Gov. Northam calls special session on guns | News Coverage from USA

Gov. Northam calls special session on guns

Virginia Gov. Ralph Northam on Tuesday ordered a special legislative session to address gun violence, four days after a public works employee killed 12 people in a  shooting rampage at a municipal building in Virginia Beach.

“The nation is watching,” Northam said at a new conference. “We must do more than give our thoughts and prayers. We must give Virginians the action they deserve.”

Northam said he would seek universal background checks, a ban on suppressors, a extreme risk protective order, child access prevention and other restrictions.

“It is wrong that we now view these mass shootings as the new normal,” Northam said. “It is past time to change.”

Northam said he had previously asked the Legislature for a number of tighter gun restrictions. But he said lawmakers repeatedly rejected his requests. 

“This weekend’s tragedy … must instill in us a new urgency to act,” he said. “If we can save one life because we acted now, it is worth it.”

Northam, a physician, rejected claims that it is “too soon” after the tragedy to address the issues. Delays, he said, would only result in more deaths. Northam did not immediately reveal the dates for the special session.

“As an Army doctor, I have seen first hand what a bullet does to a body,” he said. “And I saw it again this weekend. I can’t imagine the devastation these families are suffering.”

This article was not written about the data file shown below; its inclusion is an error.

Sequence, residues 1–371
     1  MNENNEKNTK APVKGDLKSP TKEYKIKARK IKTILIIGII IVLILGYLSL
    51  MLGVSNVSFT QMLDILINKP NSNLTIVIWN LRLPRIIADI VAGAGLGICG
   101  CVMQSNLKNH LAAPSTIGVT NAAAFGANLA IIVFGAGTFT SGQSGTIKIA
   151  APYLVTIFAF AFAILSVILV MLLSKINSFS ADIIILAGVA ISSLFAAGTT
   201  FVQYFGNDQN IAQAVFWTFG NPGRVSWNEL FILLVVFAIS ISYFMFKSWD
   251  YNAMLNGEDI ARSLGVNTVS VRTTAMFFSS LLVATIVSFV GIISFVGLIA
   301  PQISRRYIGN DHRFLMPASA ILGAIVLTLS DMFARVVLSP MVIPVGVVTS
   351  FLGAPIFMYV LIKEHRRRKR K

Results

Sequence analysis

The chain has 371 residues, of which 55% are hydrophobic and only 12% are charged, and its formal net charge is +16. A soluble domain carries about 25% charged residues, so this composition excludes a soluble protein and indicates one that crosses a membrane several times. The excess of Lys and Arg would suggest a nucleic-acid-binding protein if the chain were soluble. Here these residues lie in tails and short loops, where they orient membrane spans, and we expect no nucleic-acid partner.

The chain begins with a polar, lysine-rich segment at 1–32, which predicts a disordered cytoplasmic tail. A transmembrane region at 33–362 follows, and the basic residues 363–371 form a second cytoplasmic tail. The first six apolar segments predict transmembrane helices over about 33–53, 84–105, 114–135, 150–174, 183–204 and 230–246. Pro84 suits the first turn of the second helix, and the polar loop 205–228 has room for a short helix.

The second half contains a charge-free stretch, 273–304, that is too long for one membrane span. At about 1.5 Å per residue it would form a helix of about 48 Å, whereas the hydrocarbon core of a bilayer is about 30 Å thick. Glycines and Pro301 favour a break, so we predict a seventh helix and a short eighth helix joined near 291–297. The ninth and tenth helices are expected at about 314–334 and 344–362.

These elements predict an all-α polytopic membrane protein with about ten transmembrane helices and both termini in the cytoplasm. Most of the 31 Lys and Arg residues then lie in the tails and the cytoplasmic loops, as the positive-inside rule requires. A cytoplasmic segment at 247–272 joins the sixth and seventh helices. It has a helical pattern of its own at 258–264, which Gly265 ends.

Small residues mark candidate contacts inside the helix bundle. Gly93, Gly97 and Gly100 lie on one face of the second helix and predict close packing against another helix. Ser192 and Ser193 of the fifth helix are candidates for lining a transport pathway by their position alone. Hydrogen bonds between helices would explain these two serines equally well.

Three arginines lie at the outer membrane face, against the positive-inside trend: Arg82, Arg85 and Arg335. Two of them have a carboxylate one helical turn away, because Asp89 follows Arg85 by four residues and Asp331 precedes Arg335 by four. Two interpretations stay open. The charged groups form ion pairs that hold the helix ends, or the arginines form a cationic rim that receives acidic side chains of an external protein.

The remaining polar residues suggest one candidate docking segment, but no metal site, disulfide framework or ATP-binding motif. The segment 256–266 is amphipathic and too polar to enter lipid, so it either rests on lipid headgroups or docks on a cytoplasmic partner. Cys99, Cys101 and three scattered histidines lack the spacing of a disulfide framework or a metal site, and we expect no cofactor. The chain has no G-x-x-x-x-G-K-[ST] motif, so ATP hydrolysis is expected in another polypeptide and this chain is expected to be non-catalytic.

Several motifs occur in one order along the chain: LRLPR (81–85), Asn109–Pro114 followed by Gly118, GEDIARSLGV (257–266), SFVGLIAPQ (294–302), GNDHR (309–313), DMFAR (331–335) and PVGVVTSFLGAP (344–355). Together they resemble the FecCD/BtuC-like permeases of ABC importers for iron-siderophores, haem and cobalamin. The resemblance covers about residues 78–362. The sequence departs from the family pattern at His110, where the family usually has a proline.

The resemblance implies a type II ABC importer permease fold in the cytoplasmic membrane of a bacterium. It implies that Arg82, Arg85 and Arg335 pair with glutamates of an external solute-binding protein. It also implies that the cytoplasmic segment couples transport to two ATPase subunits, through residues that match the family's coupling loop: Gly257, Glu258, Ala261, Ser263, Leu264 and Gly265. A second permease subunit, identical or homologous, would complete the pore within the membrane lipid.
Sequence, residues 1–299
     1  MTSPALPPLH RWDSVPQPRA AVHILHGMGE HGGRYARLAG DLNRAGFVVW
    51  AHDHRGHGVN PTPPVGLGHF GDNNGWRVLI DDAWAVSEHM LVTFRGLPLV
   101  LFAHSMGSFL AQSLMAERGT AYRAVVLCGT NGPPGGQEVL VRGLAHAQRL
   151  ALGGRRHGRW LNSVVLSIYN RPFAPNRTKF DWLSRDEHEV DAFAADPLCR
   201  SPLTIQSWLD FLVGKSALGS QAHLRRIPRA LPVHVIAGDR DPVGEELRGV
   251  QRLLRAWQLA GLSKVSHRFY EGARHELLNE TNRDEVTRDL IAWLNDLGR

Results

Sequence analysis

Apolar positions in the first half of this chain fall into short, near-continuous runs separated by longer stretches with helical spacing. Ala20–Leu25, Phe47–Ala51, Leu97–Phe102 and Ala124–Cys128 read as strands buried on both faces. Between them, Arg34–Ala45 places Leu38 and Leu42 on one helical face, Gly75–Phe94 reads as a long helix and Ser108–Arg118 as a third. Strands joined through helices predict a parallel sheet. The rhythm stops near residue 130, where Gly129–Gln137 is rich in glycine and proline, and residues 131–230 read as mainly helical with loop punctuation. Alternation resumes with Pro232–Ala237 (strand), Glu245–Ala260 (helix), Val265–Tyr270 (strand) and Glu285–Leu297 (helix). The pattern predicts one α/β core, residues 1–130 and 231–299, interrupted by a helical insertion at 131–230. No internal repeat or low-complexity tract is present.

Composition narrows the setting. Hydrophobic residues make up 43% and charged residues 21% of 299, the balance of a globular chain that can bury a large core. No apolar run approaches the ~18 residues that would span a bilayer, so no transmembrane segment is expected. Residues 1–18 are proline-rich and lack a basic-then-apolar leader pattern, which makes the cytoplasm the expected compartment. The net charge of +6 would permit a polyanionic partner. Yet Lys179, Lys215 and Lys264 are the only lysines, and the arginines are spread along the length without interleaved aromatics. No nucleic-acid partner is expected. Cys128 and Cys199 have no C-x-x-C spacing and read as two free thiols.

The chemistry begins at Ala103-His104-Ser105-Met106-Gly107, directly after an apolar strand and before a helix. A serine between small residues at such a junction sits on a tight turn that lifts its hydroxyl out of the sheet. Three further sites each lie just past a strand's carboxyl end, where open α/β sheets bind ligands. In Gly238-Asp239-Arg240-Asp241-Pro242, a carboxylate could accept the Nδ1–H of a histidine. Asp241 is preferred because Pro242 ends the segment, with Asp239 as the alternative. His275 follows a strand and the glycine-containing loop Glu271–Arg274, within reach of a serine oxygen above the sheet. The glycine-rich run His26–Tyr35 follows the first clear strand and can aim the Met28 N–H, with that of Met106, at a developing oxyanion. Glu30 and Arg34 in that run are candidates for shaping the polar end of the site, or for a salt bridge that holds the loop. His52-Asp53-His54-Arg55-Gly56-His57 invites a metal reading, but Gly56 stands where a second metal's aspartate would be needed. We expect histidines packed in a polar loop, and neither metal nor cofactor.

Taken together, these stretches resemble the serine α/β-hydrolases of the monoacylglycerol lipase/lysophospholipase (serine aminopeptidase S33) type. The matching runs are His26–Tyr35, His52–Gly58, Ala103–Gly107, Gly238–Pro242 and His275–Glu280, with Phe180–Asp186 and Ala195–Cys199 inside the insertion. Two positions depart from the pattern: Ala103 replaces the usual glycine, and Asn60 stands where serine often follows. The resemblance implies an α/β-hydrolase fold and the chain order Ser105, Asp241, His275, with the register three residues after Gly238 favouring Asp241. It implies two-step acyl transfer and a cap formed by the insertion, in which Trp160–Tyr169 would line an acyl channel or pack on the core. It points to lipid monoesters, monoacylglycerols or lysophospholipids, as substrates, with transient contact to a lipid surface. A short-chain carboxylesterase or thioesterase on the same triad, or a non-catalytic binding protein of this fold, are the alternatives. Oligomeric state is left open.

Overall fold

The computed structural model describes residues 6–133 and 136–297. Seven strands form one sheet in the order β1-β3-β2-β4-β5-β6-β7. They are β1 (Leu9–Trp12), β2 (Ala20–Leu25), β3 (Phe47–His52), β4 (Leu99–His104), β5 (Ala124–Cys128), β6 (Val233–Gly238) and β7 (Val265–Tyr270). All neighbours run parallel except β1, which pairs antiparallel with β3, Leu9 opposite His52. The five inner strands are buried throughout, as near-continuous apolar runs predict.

Lt. Gov. Justin Fairfax and Attorney General Mark Herring were among state leaders who also appeared at news conference, echoing their fellow Democrat’s call for action. The three leaders have each been embroiled in controversy in recent months.

In February, a blackface photo surfaced from Northam’s medical school yearbook. Northam initially apologized, then said he wasn’t in the photo. Days later, Fairfax was accused of sexual assault, which he adamantly denies, stemming from a 2004 encounter. That drew calls for his ouster. Then, Herring admitted he, too, donned blackface in the 1980s. 

Calls for their resignations have eased in recent weeks, and Northam has been a face of the response to the shooting in Virginia Beach.

The suspected shooter, a civil engineer who worked for the city for 15 years, was fatally shot after a standoff with police. The shooting, the nation’s deadliest of the year, unfolded Friday afternoon around 4 p.m. when the gunman shot the first victim outside Building 2, a three-story brick structure with about 400 municipal workers.

Police say the shooter attached a suppressor, also known as a silencer, to the .45-caliber handgun that he fired on three floors of the building where he worked. Virginia is among 42 states that allow residents to purchase and possess suppressors, though some cities – including Virginia Beach – prohibit them.  

Authorities said the suspected shooter legally bought multiple firearms recently, but they have not said how he got a suppressor.

Northam traveled to Virginia Beach hours after the shooting, comforting survivors and helping coordinate the response to the shooting. He also spoke with President Trump and lobbied at a press conference last week for tighter gun controls.

Contributing: Brad Zinn and Kristin Lam, USA TODAY

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